For this post, I thought it’d be fun to look at the most expensive things I’ve ever bought in my life. By listing them together irrespective of category, I wanted to see the equivalence between different items or categories of items, and the opportunity cost of my dollars. Is a luxury item really the same cost as a household appliance? Let’s find out! Note that I’m counting physical goods only, not services or repair.
1) Six figures: Condo
Two years ago, I bought my condo for ~$250k. The city I live is not the nicest area of California, so the housing costs are not that high (that’s definitely a pro, but there are also cons of this area). My family gave me the down payment (thanks!!) My monthly payments are about $800 mortgage + $200 HOA + $200 property taxes. It’s about $300 less than renting in this area. I probably could’ve waited a year to put the down payment myself, but I’m glad I bought in earlier because the property has already appreciated by ~$30k.
Honorable mention: Although I’m not counting services in this list, I’ve done a bunch of small repairs around the condo. The most expensive was replacing the carpets, which cost $2000.
2) $5000: Car
Another necessary expense! I bought this car used 6 years ago when I was a grad student and got my first summer internship. The location was pretty remote, so I needed a car. I stalked Craigslist for a while but didn’t find anything good, but eventually found this seller on our local college bulletin board. I felt comfortable buying from the seller, because he went to the same college. The car came with 100k miles on it, but has been fairly reliable since then.
Honorable mention: When the AC broke in the middle of last summer, it cost $1300 to repair. The car itself is only worth ~$2000 at this point, but I figured repairing was still cheaper than buying a new car. Again, services are really a huge cost.
3) $1000-5000 level: Chanel bag, Macbook laptop, refrigerator
Laptop: My work basically involves sitting at my computer all day, occasionally punctuated by meetings and visiting the grad students in the lab. This laptop is reimbursed by my research funding, and I basically carry it around everywhere. Couldn’t live without it. Worth it? Totally.
Bag: The Chanel was a gift from my partner before we were married, back when we were first dating. He really wanted to gift me something, so I picked this out, and it was the first luxury item I ever owned. Would he buy the same thing for me now? “Honey, no way, we could buy two Google stocks with that kind of money” 😉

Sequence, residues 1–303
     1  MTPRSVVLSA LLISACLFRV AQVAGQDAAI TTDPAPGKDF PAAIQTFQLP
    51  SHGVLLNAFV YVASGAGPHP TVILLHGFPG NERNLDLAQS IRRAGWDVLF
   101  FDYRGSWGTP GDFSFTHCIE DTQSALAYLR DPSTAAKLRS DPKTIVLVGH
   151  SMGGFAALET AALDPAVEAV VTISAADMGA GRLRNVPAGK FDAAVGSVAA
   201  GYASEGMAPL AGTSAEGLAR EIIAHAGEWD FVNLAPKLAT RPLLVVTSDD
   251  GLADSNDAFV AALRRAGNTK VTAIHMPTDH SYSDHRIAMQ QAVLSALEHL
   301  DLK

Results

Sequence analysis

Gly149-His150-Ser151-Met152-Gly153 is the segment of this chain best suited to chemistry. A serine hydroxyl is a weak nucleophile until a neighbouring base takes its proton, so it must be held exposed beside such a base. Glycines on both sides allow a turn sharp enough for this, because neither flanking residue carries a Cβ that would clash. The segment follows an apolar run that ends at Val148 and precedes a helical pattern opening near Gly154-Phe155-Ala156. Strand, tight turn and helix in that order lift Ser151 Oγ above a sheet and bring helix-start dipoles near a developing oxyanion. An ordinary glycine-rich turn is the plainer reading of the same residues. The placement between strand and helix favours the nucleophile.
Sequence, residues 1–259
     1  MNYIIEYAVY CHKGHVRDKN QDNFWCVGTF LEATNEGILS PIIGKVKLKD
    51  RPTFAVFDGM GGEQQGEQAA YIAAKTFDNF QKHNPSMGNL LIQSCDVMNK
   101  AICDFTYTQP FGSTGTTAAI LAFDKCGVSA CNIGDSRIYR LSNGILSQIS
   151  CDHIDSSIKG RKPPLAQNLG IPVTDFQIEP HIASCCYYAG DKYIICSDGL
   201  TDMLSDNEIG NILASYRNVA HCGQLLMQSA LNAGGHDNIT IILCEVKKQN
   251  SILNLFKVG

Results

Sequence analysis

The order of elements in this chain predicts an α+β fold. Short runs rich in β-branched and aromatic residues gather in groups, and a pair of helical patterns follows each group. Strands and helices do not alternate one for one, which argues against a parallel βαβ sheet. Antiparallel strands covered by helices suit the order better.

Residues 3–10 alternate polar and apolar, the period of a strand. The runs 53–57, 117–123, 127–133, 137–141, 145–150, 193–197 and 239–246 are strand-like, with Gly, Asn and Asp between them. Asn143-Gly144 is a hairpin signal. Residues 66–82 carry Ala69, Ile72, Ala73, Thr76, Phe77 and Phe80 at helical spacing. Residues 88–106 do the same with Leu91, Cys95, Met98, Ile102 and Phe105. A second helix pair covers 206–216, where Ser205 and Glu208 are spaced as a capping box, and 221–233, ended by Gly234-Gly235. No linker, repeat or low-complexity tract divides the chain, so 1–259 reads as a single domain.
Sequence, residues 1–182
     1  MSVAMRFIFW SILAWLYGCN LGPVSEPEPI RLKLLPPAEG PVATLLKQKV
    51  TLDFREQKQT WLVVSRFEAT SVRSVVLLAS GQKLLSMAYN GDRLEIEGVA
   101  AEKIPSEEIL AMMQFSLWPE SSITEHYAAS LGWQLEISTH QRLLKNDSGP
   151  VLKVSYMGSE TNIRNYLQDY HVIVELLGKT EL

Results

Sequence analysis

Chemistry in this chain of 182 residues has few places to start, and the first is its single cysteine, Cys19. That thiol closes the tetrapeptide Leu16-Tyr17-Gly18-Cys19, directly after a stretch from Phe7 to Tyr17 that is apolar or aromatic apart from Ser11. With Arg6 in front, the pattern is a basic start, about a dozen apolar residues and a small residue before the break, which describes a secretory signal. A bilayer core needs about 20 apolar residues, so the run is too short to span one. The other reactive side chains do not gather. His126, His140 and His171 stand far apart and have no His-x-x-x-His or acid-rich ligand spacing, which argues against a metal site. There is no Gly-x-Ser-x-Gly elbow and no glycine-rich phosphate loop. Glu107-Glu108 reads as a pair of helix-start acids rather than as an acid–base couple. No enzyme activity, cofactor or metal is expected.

I probably get to use this bag a couple times a year (a few nice dinners, and whenever I travel). It’s definitely not worth it in terms of cost-per-wear, but who the heck cares? I totally enjoy using it!
Refrigerator: For some reason, apartment rentals in my area don’t come with fridges what the heck, right? Apparently this is a thing). So when I first moved in, I spent the first week without homemade food and spent all my time shopping online for a fridge and some big strong men to deliver it to me.
When I moved into my condo, it already had a fridge, argh! I sold that one on Craigslist to a very nice but rigorous family. When they came by to check it out, they left a thermometer and a glass of water in the freezer and came back the next day to verify that it was frozen 😮
5) $500-1000 level: Burberry jacket, smartphone, couch
Burberry trench: This jacket was a gift to myself for finishing grad school and getting my first full-time job. I already had a similar, cheaper trench coat, so I knew this would get a lot of use, especially out here in California where I have no excuse to buy anything heavier. So far, this has turned out pretty useful. I wouldn’t say it’s my most-worn coat, because it is a little fancier than the average Joe around here, but I do wear it regularly.